Ambush in North Waziristan kills 17 soldiers

NWFP/FATA map. Red agencies/ districts openly controlled by the Taliban; purple is defacto control; yellow is under threat. Click map to view.

13 soldiers wounded, 5 Taliban killed as Pakistan’s insurgency intensifies; Pakistan still attempts to appease the Taliban

Taliban fighters conducted a successful ambush against a Pakistani military convoy in the Madakhel region of North Waziristan. Seventeen Pakistani soldiers were killed and at least 13 were wounded after the Taliban initiated the ambush with a roadside bomb, then raked the convoy with small arms fire. Five Taliban fighters are reported to have been killed in the engagement.

Elsewhere in North Waziristan, seven people were wounded in two bomb attacks. The first bombing targeted a military convoy, while the second targeted the home of a former federal minister. On July 17, three soldiers were among four people killed in a suicide attack on a checkpoint in Mir Ali, while three other checkpoints were destroyed without casualties.

The most powerful Taliban commander in North Waziristan is Sadiq Noor, who runs a sharia court, collects taxes, and conducts operations against U.S. forces in Khost province in neighboring Afghanistan. Abu Kasha commands an al Qaeda contingent. An American intelligence source told The Long War Journal that Abu Kasha is the key link between al Qaeda’s Shura Majlis (main Shura or consultive body) and the Taliban. There are several al Qaeda and Taliban training camps in North Waziristan.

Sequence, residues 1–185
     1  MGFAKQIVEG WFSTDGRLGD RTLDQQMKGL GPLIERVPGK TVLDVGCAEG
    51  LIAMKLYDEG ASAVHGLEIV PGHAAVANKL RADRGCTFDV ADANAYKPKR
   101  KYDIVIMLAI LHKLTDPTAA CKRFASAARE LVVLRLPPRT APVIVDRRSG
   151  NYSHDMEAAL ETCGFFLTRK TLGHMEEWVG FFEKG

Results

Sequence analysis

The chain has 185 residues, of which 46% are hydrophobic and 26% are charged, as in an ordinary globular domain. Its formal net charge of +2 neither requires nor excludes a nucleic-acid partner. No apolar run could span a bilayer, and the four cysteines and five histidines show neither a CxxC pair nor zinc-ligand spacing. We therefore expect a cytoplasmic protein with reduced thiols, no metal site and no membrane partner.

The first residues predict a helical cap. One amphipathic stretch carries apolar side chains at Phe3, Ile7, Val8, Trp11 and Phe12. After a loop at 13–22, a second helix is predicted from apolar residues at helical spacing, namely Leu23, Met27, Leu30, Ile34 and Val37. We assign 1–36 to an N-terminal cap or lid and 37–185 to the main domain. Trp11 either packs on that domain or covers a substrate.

Today’s attack in North Waziristan is the latest in the Taliban offensive against the Pakistani government. Over the past five days, there have been major suicide attacks in Islamabad, North Waziristan, Swat, and Dera Ismail Khan. Yesterday’s suicide attack in the capital of Islamabad targeted Pakistan’s ousted chief justice. There have been numerous small arms and roadside bomb attacks against government forces over the same time period. The Taliban has intensified attacks against the army and Frontier Corps forces since the Pakistani government assaulted the Taliban-supporting Lal Masjid, or Red Mosque, and killed Abdul Rasheed Ghazi, its leader.

The Pakistani military has lost well over 100 soldiers over the past week. During military operations in the tribal areas from 2004 to 2006, the government claimed it lost only 700 troops, while American military and intelligence sources tell The Long War Journal the number is closer to 3,000. Using the Pakistani estimate of 700, the military lost one-seventh the amount of forces in five days than it lost in over two years of operations. The power of the Taliban is clearly growing in the Northwest Frontier Province.